Although Tiktok may appear to be full of trendy jokes and useless information, the multi-dimensional social media platform leads viewers on different (and occasionally useful) paths tailored to their interests: “Witchtok,” “Frogtok,” “Draco Malfoy Tikok,” and so on. If you’re like me, you’re on “Baking Tiktok.” From my “for you” page, I chose three random recipes with clear baking instructions. After completing the recipe, tasting the cookies, and noting potential adjustments I should make, eight volunteer participants tried each of the cookies and ranked them on a scale from 1-10. As a final verdict, I then found the average rating of each cookie.
The first recipe I chose to bake was for Cookie Monster cookies. After watching the video on a loop, I determined a list of instructions and ingredients.
- Combine 2 ¼ cups flour, 1 ½ teaspoons of cornstarch, 1 teaspoon baking powder, and 1 teaspoon of salt in a bowl. Whisk, and set aside.
- Melt 2 sticks of butter, and set aside to cool in a separate bowl
- Once the butter has cooled, mix in ¾ cup brown sugar, and ½ cup white sugar. Mix everything in the second bowl until “super combined”
- Add in 1 whole egg and 1 additional egg yolk, stir in 1 teaspoon of vanilla, and add in blue food coloring. Mix until “super combined.”
- Combine both bowls, and then form the dough into balls, adding chunks of chocolate into the center.
- Flatten the balls onto a baking sheet, and then chill the dough for two hours in the refrigerator.
- Bake at 350℉ for 20 minutes
To my dismay, the cookies were bright green instead of blue, and the chocolate inside of the cookies did not melt (this could be because a specific brand was required, but not specified in the video). Secondly, 20 minutes was an unnecessarily long amount of time to bake. I discovered that 14 minutes, or maybe a little less, is ideal. This recipe was the most difficult and the most time consuming of the three. Tobias Klooster (‘21), said the cookies “seemed like a plain sugar cookie,” but he was pleasantly “surprised…with the hidden chocolate filling.” It received an average rating of 6.75/10.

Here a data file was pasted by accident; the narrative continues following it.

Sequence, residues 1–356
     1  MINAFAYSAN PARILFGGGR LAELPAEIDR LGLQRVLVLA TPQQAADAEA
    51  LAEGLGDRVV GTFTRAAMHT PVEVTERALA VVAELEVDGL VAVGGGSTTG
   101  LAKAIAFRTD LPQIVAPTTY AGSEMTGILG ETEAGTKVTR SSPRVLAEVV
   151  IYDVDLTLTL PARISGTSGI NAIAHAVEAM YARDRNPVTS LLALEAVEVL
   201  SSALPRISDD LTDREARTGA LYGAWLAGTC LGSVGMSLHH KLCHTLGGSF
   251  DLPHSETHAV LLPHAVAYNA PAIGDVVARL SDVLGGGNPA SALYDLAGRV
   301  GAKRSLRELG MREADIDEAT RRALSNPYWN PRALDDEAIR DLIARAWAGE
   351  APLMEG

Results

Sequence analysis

For the second treat, I made peanut butter cookies:
- Combine 1 cup brown sugar, 1 cup peanut butter, 1 large egg, 1 teaspoon baking soda, and ½ cup chocolate chips. Mix thoroughly.
- Divide dough into 12 balls on baking sheet
- Bake at 350℉ for 8-10 minutes
This recipe was very easy and required the most basic ingredients of the three. The only necessary change to the instructions was to bake the cookies for at least ten minutes—eight was not enough. Volunteer Halle Koelzer (‘23) described this cookie as “just a little dry.” Others noted its strong peanut butter taste; those who do not love peanut butter will not likely love these cookies. This recipe received a rating of 8.0625/10.
The last video I found was the most appealing to me, but had gaps in the information. It instructed:
- Mix one box of red velvet cake mix, 1/2 cup of vegetable oil, and 2 eggs
- Bake at 350℉
With the recipe being a little vague, I had to do some improvising. For the cake mix, I chose the Betty Croker brand; however, the original recipe did not include how long the cookies should be baked for. With some experimenting, I came to the conclusion that ten minutes was the perfect amount of time. This recipe was my personal favorite, taking both the preparation and consumption into consideration. After review, these cookies received the highest score of 8.5625/10.
To my surprise, all three of these recipes proved to be a success. Once I sifted through the nonsense, I was pleasantly surprised to find that maybe we underestimate the value of the information gained from TikTok.
Special thanks to the volunteers: Tara Kloostra, Breck McCloskey, Bodia McCloskey, Tobias Klooster, Halle Koelzer, Natalie Telman, Abby Wieschhorster, and Jenna Grzelak.